When the market is selling off, it’s easy to panic as big losses rack up in your account.
Here’s the thing, though: Going to cash, and fully exposing yourself to inflation, is a guaranteed way to lose. It’s doubly sad to see first-level investors doing this when there’s a time-tested way to survive meltdowns, keep your income stream intact and cut your portfolio’s volatility.
It doesn’t involve panic selling. Instead, it revolves around three simple rules: diversify, be patient and keep a big income stream. Let’s walk through each of these.
The first key to surviving a meltdown is to be in several markets at once. That way, if one crashes, you’ve still got the others to balance things out.
This is the most simple and powerful trick in finance, yet it’s commonly overlooked. Take the last week of February. If you were 100% invested in the S&P 500 through an index fund like the SPDR S&P 500 ETF (SPY) or Vanguard 500 Index Fund (VOO), you’d be facing an 11% loss in just a week.
To be sure, a loss like that, taken when you’re close to retirement, could be a threat to your golden years.
This is where diversification comes in: Someone who also bought municipal bonds — issued by state and local governments to fund infrastructure projects — through the iShares National Muni Bond ETF (MUB) or the iShares 20+ Year Treasury Bond ETF (TLT) had a far better week.
Now That’s Better!
Granted, this investor is still facing losses, but an equally allocated portfolio of these three ETFs results in a loss of 2%, a far cry from 11%.
So if diversifying into a variety of funds in different asset classes works, why are personal-finance gurus touting low-cost index funds as the secret to wealth? Because they’re riding a 10-year bull market, that’s why. But the prudent investor knows that all good things come to an end, even decade-long stock run-ups. And that end came this week with the Dow entering bear market territory Wednesday. The S&P 500 and Nasdaq joined it a day later.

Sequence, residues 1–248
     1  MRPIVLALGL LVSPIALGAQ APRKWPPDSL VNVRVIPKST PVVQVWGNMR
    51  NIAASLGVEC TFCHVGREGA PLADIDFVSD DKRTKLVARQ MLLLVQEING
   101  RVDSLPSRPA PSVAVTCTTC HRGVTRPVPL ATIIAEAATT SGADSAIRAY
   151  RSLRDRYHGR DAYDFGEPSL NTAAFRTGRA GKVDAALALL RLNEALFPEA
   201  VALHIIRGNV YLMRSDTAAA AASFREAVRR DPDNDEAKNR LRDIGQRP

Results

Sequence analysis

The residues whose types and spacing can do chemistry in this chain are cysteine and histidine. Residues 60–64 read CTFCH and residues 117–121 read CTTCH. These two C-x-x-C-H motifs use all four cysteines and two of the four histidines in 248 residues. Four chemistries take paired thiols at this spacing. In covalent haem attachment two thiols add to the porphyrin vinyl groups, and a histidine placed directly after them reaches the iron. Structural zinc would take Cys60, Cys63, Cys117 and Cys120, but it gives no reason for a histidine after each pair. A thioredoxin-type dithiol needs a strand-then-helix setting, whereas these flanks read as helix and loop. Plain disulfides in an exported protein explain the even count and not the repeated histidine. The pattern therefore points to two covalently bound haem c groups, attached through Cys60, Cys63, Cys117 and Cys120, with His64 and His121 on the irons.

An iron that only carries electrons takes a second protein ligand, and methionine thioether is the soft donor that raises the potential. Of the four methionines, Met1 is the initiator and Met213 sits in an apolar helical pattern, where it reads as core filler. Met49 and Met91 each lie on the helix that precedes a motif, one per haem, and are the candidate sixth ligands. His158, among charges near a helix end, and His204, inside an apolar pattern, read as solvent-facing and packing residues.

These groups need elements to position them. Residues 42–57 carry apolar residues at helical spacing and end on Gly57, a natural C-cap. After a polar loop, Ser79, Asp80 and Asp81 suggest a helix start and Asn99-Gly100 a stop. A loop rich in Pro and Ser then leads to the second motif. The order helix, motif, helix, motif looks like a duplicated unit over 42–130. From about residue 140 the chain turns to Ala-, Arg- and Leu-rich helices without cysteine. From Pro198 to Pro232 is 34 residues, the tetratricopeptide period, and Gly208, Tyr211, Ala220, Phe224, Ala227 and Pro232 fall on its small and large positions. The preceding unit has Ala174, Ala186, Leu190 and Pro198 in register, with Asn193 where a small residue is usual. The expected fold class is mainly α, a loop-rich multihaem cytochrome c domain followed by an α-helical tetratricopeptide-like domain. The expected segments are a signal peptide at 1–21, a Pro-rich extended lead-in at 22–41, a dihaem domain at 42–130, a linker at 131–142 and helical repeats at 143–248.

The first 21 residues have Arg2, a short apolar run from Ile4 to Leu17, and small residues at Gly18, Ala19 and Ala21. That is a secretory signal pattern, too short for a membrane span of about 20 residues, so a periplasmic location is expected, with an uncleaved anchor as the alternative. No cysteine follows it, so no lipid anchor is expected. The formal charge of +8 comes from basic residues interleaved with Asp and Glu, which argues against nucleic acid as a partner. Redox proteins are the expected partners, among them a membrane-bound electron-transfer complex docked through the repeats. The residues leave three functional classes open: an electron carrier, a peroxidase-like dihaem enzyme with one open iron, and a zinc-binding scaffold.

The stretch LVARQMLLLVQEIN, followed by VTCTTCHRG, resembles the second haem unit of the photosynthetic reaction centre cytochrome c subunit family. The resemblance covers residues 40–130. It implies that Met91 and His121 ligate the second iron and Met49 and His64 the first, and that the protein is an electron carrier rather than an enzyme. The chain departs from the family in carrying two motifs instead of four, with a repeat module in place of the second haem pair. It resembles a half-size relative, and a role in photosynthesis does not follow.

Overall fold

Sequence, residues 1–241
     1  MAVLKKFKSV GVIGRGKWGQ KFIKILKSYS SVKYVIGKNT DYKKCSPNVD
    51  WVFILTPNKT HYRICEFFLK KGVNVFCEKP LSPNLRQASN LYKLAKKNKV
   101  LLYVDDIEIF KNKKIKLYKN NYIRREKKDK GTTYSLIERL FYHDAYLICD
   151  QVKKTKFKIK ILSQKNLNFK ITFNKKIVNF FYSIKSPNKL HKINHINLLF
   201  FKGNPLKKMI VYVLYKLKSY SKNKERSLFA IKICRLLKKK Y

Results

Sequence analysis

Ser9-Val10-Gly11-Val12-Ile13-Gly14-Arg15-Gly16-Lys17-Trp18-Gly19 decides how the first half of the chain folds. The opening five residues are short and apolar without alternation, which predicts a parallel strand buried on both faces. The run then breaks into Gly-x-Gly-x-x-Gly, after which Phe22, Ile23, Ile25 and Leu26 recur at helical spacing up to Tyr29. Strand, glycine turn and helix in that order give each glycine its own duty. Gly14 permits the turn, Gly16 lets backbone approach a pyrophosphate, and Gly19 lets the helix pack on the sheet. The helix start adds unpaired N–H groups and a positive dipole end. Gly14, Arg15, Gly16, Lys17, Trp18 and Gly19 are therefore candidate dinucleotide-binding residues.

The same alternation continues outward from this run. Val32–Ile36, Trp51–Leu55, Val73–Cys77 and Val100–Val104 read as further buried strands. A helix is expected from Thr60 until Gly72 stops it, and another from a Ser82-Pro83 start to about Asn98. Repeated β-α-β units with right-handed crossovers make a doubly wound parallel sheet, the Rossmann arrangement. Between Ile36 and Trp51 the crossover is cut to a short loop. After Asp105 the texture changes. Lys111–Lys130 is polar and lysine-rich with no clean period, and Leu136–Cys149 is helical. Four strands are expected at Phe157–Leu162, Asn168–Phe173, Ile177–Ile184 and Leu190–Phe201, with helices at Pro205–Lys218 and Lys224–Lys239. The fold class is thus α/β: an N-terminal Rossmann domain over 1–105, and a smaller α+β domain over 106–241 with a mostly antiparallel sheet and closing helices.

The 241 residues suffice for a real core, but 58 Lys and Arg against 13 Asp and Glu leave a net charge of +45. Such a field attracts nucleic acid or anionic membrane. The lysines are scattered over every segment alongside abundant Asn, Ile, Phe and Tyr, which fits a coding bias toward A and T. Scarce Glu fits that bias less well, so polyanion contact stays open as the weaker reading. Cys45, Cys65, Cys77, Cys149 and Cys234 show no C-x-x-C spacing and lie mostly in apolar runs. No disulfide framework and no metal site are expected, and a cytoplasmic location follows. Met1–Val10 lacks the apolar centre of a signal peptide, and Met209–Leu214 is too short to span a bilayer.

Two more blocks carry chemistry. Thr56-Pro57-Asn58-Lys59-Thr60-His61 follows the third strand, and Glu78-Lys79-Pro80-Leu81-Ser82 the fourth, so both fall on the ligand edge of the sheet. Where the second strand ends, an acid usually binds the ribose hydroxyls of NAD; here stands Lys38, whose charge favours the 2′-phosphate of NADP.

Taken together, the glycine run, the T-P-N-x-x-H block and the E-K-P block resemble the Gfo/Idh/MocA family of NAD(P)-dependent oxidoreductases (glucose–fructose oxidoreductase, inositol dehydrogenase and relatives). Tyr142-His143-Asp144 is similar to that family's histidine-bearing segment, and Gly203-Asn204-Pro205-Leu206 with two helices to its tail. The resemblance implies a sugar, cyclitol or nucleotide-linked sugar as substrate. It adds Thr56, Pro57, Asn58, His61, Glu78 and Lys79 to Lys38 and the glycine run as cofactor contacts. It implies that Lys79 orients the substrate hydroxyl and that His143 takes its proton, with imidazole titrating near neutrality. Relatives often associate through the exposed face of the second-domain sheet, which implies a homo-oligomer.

One of the worst things about bear markets is they happen so fast. But that’s also one of the best things about them. Remember the end of 2018? Fears around trade, the Federal Reserve and global growth hit stocks all at once — and this happened.
A Big Loss …
Late 2018 saw a technical bear market take hold by the end of the year, with the S&P 500 falling about 20% in three months. And it took about three months for stocks to recover.
… Thrown in Reverse
The best thing about bear markets is that they don’t last forever, and if you’re patient, your portfolio will recover. The best thing you can do when stocks fall 11% in a week? Don’t sell and lock in that loss. Just wait — stocks will bounce back.
Keep a Big Income Stream
What if you can’t wait? Some people hold stocks not because they’re waiting for their nest egg to grow, but because they need an income stream now.
This is where yield comes in.
Investors who hold an index fund like VOO and need cash now are being forced to sell shares at a discount to what they could’ve sold for a couple weeks ago. This is the case for many VOO shareholders, because that fund yields just over 2%. With such a low income stream, you need to sell shares periodically to maintain a 5% withdrawal rate, let alone a higher one.
High-yield equity funds, like many closed-end funds (CEFs), are an alternative. For instance, the Liberty All-Star Growth Fund (ASG) holds mid-cap and large-cap stocks and pays a huge 8.4% dividend, so the odds are lower that you’d have to sell a single share during a crash.
ASG has been crushing the index for years, even after the recent bloodbath.
A Big Outperformer
ASG isn’t the only option. There are CEFs in many sectors — municipal bonds, corporate bonds, utilities — that get you diversification and high income. And since the average CEF’s discount is now 4.3%, with over 150 offering discounts of 10% or more, now is your chance to buy at fire-sale prices.